GEORGETOWN, Indiana — Hidden among the brush in Georgetown lies history forgotten. But it's now being re-discovered.
As Georgetown and the surrounding area grows into a larger community, abandoned cemeteries are coming to light. Dee Roney, the Georgetown Township Trustee, is taking steps to restore gravesites that have been taken over by nature and neglect.
"My primary responsibility is bringing these cemeteries that have been long forgotten to a place that is more dignified and just bringing light where there was darkness," Roney said.
According to Roney, several sites have been uncovered this year, in part, due to new developments.
"If a developer comes across a cemetery, it has to stay within 100 feet of that cemetery and they have to establish a perimeter and they have to coordinate with archaeology to scan that area," Roney said.
A caller brought one site off Walts Rd. to Roney's attention recently. It sits on a property that is currently vacant.
"This is a unique site where it was almost recently maintained," Roney said. He estimates there to be 30-40 graves from the 1800s in the small section.
"I think these cemeteries are more common than people know," he said. "I think it's very, very common out in these rural areas."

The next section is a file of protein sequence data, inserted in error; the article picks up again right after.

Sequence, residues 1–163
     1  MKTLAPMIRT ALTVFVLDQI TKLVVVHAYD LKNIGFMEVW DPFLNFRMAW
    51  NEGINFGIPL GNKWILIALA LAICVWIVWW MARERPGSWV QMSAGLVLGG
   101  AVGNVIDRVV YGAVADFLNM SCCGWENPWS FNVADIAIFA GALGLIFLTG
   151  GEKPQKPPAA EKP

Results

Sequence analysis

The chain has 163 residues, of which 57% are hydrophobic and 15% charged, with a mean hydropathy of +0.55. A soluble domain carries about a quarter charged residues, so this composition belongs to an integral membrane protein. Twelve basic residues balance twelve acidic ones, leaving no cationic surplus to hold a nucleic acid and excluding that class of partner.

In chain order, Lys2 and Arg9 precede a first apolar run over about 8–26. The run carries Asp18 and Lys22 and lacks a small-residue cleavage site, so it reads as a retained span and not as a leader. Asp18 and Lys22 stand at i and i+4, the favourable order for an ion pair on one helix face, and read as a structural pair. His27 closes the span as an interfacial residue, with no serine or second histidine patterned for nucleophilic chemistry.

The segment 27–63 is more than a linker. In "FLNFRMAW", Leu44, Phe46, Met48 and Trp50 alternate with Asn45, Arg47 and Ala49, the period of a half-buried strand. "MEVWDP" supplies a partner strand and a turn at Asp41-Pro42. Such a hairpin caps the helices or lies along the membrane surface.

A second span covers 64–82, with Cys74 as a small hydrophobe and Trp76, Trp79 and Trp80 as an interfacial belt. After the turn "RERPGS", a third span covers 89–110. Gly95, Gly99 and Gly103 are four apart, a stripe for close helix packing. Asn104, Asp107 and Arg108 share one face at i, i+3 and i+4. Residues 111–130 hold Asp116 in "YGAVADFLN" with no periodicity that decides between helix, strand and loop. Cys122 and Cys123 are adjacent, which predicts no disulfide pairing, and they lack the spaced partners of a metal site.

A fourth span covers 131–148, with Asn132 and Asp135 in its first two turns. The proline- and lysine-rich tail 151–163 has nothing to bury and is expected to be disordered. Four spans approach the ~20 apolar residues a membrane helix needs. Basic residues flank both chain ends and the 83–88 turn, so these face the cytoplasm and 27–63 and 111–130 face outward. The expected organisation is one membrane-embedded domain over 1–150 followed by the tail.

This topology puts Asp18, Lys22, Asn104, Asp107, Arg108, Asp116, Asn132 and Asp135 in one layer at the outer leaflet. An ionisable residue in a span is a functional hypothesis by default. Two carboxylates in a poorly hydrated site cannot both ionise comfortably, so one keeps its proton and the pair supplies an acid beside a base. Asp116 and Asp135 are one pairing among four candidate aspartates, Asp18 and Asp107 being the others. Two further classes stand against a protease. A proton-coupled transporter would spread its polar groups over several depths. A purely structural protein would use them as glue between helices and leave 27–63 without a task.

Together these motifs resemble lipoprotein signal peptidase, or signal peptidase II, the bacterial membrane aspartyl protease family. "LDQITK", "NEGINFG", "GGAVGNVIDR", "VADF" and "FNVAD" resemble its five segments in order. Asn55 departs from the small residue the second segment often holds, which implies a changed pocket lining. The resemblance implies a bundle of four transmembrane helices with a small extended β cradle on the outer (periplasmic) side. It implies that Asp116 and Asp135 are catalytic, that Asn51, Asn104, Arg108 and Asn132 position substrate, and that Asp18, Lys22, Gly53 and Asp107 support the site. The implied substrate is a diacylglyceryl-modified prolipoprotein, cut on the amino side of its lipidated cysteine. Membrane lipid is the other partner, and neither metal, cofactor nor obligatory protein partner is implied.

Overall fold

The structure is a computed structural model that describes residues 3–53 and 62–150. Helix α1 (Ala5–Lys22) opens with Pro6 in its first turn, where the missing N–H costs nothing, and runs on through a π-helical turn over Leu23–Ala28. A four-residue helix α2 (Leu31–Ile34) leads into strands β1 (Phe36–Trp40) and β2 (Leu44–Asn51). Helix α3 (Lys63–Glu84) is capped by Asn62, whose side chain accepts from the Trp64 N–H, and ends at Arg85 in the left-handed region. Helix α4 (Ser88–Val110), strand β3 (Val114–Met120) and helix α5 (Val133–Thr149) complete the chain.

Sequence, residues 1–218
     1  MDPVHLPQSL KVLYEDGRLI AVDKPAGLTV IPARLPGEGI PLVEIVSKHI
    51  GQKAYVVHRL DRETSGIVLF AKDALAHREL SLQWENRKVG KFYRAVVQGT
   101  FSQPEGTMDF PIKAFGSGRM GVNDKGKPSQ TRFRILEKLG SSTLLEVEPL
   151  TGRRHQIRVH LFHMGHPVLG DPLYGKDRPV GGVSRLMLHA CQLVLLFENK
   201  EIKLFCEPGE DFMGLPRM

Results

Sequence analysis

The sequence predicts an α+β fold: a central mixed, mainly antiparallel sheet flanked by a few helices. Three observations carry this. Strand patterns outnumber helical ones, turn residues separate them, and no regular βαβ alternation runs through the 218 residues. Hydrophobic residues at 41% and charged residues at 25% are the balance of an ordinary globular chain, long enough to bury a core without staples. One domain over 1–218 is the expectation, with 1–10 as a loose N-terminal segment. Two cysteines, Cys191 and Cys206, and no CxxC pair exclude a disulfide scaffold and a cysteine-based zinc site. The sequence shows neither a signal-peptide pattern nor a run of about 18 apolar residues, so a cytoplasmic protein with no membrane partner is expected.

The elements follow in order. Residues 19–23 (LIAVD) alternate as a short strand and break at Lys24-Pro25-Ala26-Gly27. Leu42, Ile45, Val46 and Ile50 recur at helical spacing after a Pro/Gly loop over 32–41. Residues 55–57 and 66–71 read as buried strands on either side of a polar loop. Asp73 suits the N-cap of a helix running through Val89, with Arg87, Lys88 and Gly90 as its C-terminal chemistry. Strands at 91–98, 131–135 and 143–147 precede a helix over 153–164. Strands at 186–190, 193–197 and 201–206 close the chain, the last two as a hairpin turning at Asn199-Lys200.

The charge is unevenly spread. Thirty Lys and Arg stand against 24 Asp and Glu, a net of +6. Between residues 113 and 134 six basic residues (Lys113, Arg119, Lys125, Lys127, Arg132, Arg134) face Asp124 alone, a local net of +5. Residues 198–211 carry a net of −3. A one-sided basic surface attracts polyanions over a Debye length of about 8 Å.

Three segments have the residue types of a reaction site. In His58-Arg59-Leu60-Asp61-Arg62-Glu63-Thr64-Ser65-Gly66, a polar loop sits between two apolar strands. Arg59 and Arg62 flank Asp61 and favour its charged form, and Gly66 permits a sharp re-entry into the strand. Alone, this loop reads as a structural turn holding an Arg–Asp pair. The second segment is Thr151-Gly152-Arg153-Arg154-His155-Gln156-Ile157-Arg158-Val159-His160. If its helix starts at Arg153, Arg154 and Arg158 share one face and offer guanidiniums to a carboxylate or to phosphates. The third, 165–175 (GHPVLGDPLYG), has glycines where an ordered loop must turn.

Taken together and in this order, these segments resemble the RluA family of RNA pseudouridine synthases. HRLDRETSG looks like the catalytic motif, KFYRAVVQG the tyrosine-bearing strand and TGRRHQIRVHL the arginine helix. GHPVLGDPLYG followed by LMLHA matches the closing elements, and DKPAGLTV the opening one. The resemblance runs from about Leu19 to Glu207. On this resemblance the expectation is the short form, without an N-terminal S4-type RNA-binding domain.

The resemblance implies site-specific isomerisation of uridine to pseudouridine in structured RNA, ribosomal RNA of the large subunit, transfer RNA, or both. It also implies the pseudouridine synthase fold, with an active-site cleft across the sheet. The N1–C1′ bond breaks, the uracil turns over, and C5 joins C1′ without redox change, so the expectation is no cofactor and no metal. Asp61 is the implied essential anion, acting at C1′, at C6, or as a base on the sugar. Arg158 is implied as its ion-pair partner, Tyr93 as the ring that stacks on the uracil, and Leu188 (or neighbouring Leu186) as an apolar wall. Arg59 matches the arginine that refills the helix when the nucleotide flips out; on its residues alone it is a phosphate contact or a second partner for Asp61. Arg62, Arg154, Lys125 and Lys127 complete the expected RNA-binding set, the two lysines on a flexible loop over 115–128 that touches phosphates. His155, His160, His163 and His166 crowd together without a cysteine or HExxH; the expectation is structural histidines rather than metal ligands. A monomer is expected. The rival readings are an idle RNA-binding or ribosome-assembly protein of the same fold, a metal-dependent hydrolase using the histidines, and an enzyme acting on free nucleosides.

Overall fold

Roney said he's already restored and maintained several once-hidden cemeteries this year.
"I get as many people as I possibly can involved with the project," he said.
Roney will work with the Indiana Department of Natural Resources and other local organizations on a plan of action to give the plots a facelift. He also plans to partner with local Boy Scout troops to help with some of the work.
"I've gotten a lot of feedback from people who really care about this and want to see something done and want to see dignity brought back to these gravesites that have been long forgotten," he said.
The goal is to clear the weeds, build a fence as a perimeter, and restore the headstones.
"There are none here that I've seen here that can't be restored so I feel really good about this being brought to where it should be," Roney said.
Roney expects even more abandoned gravesites to be found as people discover them through development, or by bringing them to his attention.